Low Pay and Sinking Morale Among the Reasons Cited by Officers Looking to Leave the Job; NYC Council Members Express Warning Over Losing Experienced Officers
The Patrolmen’s Benevolent Association of the City of New York (NYC PBA) today announced that a record number of police officers — more than 1,200 — have registered for a pension seminar on Wednesday evening, the latest sign that the number of officers considering retirement is rapidly increasing. New York City police officers are among the lowest paid both locally and nationally, and PBA members have cited this pay gap — along with sinking morale caused by a lack of support — as the chief reasons for exploring their retirement options.
A survey of PBA members showed that 92% believe the support for police officers has decreased under Mayor de Blasio, while 89% said they’d leave for a better paying job. A pension seminar held in late 2016 attracted 850 police officers, with subsequent seminars reaching similarly high attendance. This week’s seminar, which is expected to reach full capacity, will be on Wednesday evening, February 28, at Antun’s in Queens Village.
In another troubling trend, the number of police officers leaving the NYPD without receiving a pension reached a six-year high in 2017, with 517 resigning in comparison with the 169 who quit in 2011. This wave of resignations has included top NYPD Police Academy graduates, including the valedictorian of one recent Academy class who left for another local police job paying 43% more.
PBA president Patrick J. Lynch said: “The signs are all there: the lowest pay, survey numbers that demonstrate officer dissatisfaction, a serious increase in resignations without a pension and the highest number of registrations for our latest pension seminar. It’s a formula for losing our best, brightest and most experienced police officers, and that’s a problem for the whole city. But it’s a problem that would easily be solved by paying our police officers a market rate of pay.”
Council Member Rory Lancman said: "Record numbers of cops signing up to learn about their retirement options should be setting off alarm bells at City Hall that it's time to give the men and women who keep us safe salaries and benefits commensurate with their risks and sacrifices. It's no longer merely absurd that NYPD officers make less money than their suburban counterparts, it's threatening the real gains we've made in bringing cops closer to our communities, in using technology to maximize crime-fighting, and in professionalizing policing."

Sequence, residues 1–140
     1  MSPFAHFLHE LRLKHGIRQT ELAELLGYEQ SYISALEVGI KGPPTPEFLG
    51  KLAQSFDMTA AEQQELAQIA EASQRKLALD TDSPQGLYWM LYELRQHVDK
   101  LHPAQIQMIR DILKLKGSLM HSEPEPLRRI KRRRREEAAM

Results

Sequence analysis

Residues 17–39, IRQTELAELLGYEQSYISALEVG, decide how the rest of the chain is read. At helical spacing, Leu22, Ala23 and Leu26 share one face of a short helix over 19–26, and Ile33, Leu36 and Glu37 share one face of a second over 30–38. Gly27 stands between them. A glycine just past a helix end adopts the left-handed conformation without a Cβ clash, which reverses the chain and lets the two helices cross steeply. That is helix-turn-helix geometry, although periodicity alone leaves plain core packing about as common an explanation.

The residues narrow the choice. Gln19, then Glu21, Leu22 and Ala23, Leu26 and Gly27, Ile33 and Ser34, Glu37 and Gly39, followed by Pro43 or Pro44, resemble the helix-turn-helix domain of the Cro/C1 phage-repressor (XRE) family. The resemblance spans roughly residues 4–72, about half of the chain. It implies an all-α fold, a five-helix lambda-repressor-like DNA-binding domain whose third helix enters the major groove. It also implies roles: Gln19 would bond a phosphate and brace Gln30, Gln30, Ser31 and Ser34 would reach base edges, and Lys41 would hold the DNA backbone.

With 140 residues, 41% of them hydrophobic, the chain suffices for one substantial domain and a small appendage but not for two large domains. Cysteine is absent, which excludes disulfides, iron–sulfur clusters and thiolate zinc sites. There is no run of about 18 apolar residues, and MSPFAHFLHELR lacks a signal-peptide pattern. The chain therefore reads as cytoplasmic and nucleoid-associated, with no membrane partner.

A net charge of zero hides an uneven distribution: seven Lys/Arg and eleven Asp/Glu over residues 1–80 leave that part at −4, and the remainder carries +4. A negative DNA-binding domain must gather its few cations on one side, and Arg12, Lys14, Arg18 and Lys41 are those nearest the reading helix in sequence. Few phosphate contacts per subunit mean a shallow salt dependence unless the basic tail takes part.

Council Member Chaim Deutsch said: “New York City police officers are tasked with a difficult and dangerous job. We need to do more than just thank them for their service. We must provide them with fair pay and benefits so that we don’t lose them to other departments or other cities. The cost of living in New York City is rising, but our police officers aren’t seeing that reflected in their paychecks. The city is spending millions of dollars to train officers, and then just a couple of years later, we’re losing some of our best to cities with better pay and benefits. We must make this city an appealing place for officers to work, so that we can continue to keep crime rates down and ensure our communities are a safe place to raise our families.”
Council Member Ritchie Torres said: “New York City is safer today than ever before, in large part due to the hard work and sacrifice of our police officers. In order to maintain these record low crime levels, we have to consider what it takes to keep the best and most experienced officers in the city instead of allowing them to retire early and take another job somewhere else. I intend to work with the Mayor and my City Council colleagues on both sides of the aisle to achieve this important public safety goal."
Council Member Donovan Richards, Chair of the City Council’s Public Safety Committee, said: “These police officers exploring retirement — experienced and well-trained law enforcement professionals with good judgement — are the very officers we should be focused on keeping. I’m committed to work with my colleagues in the Council to do our part."
Council Member Justin Brannan said: “Losing 1,000 of our most experienced police officers would negatively impact my community and communities across the city. As Council Members, we must work together to make sure these officers are not leaving because of pay inequity or lack of support, and that if they want to stay on the job and keep our city safe, they have the ability to do so.”
Council Member Keith Powers said: “As members of the City Council, one of our most important responsibilities is to support the women and men who keep us safe every day. The numbers of veteran police officers exploring retirement this week is staggering, and indicates there are economic issues and other concerns that are driving them away — perhaps to other police departments. We need to keep these officers right here in New York City, and I pledge to work with my colleagues and other city leaders to do so.”